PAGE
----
we ate samgyupsal (triple fat-layer pork slices), seaweed soup, bell peppers in a thin mustard sauce, fish in red pepper sauce, fried fish skins in a sweet sticky sauce, lotus root in a cold and creamy peanut and walnut sauce, fresh and authentic kimchi, sesame green onions, japjae (glass noodles with veggies in oil), and a bazillion other mysterious, exciting, and delicious things we didn’t recognize. we practically had to be rolled out of the restaurant. and all of that healthy, homemade, decadent, artfully plated food for around $10 per person.
i’m going to have the hardest time adjusting to food costs in california after eating like a complete queen here in korea.
which brings me to my next point: still haven’t figured out what to do with my life.
but never mind all that.
the point is that right now chris and i are living the life abroad. with my work schedule recently having doubled in hours, things are a little hectic and our weekdays are taking on the rigid schedule of a family of 6, somehow. but we treasure our afternoon lunch hours, when we can lounge by the air conditioner and eat together.
we’ve also managed the ever-popular pinterest darling of all recipes: the microwave cookie.
first, some background: living in korea means living without an oven. this is by far one of the greatest sacrifices i have had to make. no baking. do you know how intensely delicious and tantalizing the very idea of a fresh baked cookie becomes when left to rise in your memory? it becomes like torture.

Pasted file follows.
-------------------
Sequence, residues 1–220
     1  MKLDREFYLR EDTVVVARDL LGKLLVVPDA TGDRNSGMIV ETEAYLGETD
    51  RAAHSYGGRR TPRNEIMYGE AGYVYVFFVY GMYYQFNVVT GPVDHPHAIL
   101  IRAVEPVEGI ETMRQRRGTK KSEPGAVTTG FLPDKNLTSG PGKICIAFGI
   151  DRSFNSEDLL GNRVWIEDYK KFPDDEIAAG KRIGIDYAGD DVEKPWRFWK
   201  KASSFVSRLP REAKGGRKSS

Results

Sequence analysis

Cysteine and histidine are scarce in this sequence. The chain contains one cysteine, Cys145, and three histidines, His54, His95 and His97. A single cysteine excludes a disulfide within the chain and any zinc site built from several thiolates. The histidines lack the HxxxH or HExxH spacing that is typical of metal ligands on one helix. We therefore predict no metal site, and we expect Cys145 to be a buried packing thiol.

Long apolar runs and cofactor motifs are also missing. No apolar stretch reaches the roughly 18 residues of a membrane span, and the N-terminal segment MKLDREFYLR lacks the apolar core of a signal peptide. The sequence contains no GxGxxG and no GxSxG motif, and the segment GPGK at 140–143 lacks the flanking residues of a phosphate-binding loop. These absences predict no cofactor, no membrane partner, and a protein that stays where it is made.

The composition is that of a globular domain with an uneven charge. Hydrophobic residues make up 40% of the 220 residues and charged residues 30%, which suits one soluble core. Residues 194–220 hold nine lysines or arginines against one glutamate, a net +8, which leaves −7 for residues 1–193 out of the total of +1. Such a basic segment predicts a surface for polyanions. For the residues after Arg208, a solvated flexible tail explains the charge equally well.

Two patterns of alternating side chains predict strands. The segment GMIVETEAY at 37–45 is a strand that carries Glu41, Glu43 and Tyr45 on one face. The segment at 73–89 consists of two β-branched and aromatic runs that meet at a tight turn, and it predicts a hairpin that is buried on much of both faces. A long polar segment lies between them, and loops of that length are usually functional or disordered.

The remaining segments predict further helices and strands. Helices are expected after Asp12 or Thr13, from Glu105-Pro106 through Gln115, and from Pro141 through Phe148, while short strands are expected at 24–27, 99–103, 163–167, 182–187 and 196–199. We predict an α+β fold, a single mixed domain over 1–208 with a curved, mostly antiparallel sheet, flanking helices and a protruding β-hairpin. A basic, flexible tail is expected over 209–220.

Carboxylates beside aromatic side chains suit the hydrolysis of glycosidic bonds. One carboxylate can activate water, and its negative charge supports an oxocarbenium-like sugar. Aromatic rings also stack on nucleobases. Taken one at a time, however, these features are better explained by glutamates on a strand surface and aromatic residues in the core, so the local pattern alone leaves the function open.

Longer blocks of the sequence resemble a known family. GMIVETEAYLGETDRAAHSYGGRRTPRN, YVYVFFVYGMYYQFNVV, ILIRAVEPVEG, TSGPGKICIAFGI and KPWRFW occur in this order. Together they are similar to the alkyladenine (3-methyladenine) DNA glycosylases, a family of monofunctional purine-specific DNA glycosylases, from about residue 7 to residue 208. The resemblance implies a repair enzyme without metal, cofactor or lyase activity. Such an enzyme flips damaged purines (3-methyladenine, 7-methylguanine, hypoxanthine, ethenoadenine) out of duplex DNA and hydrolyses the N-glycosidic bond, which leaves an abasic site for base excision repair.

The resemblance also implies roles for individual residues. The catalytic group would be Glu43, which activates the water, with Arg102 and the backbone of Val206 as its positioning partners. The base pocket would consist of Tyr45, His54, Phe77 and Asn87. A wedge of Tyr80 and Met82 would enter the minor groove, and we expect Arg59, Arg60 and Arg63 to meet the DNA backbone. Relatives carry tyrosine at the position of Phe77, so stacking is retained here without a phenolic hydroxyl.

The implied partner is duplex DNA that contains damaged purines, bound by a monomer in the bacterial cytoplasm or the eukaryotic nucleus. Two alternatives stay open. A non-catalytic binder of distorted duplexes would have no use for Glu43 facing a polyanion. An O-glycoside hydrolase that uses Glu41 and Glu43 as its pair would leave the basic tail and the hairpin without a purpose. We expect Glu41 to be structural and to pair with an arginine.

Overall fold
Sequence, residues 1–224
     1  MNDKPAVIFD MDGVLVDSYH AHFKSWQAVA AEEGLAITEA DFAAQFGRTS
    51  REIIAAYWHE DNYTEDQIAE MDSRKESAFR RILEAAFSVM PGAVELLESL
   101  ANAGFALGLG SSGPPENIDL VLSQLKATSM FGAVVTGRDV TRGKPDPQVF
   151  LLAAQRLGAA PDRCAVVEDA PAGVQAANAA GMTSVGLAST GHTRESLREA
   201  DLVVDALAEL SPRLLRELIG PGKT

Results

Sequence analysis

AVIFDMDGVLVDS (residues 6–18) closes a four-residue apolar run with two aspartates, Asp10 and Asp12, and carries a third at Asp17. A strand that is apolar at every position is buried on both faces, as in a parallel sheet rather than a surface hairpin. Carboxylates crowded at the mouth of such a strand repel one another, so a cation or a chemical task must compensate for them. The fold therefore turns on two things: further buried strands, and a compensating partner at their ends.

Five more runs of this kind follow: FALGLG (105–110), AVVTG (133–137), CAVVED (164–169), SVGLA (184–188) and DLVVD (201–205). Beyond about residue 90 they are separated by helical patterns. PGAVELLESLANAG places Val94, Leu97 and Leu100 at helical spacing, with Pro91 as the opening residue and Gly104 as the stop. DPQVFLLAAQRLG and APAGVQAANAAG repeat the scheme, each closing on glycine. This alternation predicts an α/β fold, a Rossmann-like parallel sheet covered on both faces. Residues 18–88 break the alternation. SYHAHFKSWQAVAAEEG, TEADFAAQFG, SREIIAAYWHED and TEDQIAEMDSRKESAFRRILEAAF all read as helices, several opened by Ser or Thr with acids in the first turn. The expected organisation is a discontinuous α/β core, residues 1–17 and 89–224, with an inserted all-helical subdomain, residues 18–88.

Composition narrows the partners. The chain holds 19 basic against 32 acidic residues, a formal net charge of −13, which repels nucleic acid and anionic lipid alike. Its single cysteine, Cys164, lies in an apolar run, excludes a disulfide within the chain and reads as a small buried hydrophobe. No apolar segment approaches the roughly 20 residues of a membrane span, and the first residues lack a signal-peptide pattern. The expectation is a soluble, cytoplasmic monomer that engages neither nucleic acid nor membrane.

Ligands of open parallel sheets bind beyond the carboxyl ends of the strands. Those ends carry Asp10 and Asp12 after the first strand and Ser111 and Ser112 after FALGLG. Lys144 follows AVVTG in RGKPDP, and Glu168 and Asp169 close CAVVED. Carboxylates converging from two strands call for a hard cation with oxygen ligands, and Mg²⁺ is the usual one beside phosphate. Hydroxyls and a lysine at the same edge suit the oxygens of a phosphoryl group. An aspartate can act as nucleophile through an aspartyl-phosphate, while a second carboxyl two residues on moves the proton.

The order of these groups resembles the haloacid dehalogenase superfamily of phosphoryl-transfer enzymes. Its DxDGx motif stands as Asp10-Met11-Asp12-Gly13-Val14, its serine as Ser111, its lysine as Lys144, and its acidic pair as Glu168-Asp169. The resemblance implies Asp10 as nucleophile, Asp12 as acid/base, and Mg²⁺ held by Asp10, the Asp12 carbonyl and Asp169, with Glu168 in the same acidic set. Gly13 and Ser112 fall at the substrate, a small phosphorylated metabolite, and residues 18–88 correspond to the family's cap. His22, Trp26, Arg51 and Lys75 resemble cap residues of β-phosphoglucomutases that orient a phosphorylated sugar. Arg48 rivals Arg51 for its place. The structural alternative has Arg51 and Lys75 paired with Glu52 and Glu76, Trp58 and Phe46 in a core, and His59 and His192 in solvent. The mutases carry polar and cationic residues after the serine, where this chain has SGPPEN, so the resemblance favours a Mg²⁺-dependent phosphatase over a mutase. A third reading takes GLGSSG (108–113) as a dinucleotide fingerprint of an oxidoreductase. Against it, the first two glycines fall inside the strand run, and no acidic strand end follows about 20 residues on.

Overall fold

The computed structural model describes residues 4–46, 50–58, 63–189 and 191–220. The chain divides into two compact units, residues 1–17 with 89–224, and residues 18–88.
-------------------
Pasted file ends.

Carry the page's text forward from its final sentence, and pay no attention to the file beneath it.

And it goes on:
even still, i was really skeptical when i first saw the recipes for a microwave cookie. i thought ‘there’s absolutely no way this can be good.’ and while the first time was a big disaster, the second and third and fourth have all been perfectly impressive. as have the preceding twenty.
so, if you haven’t seen the recipe yet (because you live with your head in the sand), here it is:
melt about a tablespoon of butter, in a mug.
mix in two tablespoons of sugar. one brown. one white.
mix in one egg yolk.
mix in a little less than a 1/4 cup of flour.
add chocolate chips. or whatever.
microwave for 40 seconds or so.
it will still be a little gooey on the top when you take it out. this is good, because the mug gets hot and will continue to cook the cookie after you’ve removed it from the micro.
while we’re talking about baked goods, i’ll dish out my final and best recommendation (you faithful readers get the goods!).
go to the baking store! it is awesome and easy to find. the people are cool, some of them speak english, and they have all kindsa awesome products at cheaper prices than a lot of the main stores. peanut butter is cheaper, too, which is essential in our household since we put it on everything (the egg is the only comestible that has escaped this fate). there’s also massive bags of parmesan cheese (grated, unfortunately, so not incredibly pungent in flavor but, hey, it’s real and it’s a really reasonable price). they have sour cream, whipping cream, cooking and baking tools galore, bob’s redmill whole wheat flour, and awesome tortillas. the frozen tortillas can be re-enlivened by simply being placed in a hot pan for a few seconds.
take subway line 1 (red line) to daegu station. exit 4. walk straight. shop is across the street and down. the vertical yellow sign (reads: sam won) is visible from the subway exit. entrance is upstairs. for more details and pictures, visit this fellow bloggers great post here.
and with that, i leave you with a friendly reminder: about the elephants, don’t forget.